A. Intensity of the murmur
B. Timing of the peak of the murmur in systole
C. Intensity of the S2 heart sound
D. Pulsus parvus et tardus
The intensity of the murmur typically increases as disease progresses; however, when heart failure develops and cardiac output declines, the murmur becomes softer. Thus, the intensity of the murmur is not a good indicator of disease severity.
Timing of the peak of the systolic murmur
The typical murmur of AS is a high-pitched, “diamond shaped,” crescendo-decrescendo, midsystolic ejection murmur heard best at the right upper sternal border radiating to the neck and carotid arteries; see figure below. In mild AS, the murmur peaks in early systole; however, the peak moves to later in systole as the disease progresses because longer time is required to complete left ventricular systole, and aortic valve closure is delayed.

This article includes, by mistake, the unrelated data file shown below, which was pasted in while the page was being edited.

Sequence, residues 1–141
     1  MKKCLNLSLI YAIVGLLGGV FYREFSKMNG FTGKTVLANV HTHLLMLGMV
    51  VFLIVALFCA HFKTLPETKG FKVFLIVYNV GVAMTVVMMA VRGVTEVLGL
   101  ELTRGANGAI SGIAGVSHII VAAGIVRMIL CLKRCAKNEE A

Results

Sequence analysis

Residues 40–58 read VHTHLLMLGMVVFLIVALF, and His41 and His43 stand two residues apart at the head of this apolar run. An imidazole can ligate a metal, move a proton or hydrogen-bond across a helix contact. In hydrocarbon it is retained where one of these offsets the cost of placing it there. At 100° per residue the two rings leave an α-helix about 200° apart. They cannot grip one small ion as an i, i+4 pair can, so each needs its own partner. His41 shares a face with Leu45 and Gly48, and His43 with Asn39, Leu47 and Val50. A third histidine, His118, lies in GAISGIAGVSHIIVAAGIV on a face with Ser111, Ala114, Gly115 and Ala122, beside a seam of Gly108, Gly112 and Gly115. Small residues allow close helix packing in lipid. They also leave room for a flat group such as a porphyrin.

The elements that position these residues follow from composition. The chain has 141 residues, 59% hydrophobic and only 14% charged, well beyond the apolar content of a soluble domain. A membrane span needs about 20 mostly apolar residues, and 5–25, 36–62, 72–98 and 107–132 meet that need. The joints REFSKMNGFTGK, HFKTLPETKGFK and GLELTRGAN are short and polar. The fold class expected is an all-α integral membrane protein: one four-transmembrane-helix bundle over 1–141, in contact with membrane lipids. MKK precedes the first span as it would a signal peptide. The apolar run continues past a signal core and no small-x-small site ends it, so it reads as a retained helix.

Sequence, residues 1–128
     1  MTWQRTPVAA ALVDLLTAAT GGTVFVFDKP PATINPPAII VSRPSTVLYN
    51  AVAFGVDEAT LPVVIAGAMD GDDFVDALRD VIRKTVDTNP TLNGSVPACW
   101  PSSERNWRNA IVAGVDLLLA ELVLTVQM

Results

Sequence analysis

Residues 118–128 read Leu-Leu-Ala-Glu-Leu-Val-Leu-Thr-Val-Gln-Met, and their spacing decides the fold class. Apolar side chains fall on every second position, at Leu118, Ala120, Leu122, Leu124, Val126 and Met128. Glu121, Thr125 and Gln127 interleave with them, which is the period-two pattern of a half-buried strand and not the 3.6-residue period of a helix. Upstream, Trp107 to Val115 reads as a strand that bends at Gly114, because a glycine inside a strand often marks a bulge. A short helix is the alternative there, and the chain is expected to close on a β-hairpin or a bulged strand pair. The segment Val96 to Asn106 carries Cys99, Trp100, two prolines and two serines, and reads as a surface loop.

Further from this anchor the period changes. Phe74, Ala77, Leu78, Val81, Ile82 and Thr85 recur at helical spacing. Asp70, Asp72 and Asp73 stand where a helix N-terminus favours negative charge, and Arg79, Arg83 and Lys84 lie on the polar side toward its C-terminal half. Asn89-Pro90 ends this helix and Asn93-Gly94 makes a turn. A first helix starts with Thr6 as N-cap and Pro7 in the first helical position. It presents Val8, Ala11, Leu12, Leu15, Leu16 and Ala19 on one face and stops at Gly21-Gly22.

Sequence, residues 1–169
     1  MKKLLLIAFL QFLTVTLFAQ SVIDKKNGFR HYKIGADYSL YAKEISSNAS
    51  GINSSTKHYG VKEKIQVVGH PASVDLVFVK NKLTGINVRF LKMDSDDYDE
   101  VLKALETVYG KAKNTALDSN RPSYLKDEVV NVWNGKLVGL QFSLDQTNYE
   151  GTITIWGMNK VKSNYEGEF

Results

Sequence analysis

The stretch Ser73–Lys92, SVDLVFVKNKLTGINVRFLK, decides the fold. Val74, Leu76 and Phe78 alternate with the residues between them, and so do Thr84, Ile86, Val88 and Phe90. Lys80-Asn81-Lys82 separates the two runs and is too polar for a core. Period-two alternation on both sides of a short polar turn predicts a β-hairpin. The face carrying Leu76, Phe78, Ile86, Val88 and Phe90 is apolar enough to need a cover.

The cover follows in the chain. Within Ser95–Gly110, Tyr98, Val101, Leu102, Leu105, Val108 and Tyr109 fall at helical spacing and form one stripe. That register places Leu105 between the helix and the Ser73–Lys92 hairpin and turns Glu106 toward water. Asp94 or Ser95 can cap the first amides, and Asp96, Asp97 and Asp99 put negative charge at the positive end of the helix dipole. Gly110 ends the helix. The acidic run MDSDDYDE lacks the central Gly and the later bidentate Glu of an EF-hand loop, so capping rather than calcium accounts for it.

Intensity of the S2 heart sound
As disease progresses and the aortic valve leaflets lose their mobility, the intensity of S2 decreases. When the S2 sound is no longer audible, it can be concluded that the AS is relatively severe.
Pulsus parvus et tardus
Perhaps the best bedside method to estimate the severity of AS is derived from evaluation of the carotid arteries. The phenomenon known as “pulsus parvus et tardus” refers to a weak (parvus) and delayed (tardus) carotid upstroke. To asses for “parvus,” it is often helpful to palpate one’s own carotid artery while concurrently palpating the patient’s carotid artery. It is important to note that in some elderly individuals, the carotids may be stiff due to calcification, which may falsely normalize the carotid upstroke. To assess for “tardus,” auscultate the patient’s S2 heart sound while palpating their carotid upstroke. The S2 and carotid upstroke should occur almost simultaneously. If the carotid upstroke comes significantly after the S2 heart sound, “tardus” is present, indicating severe AS.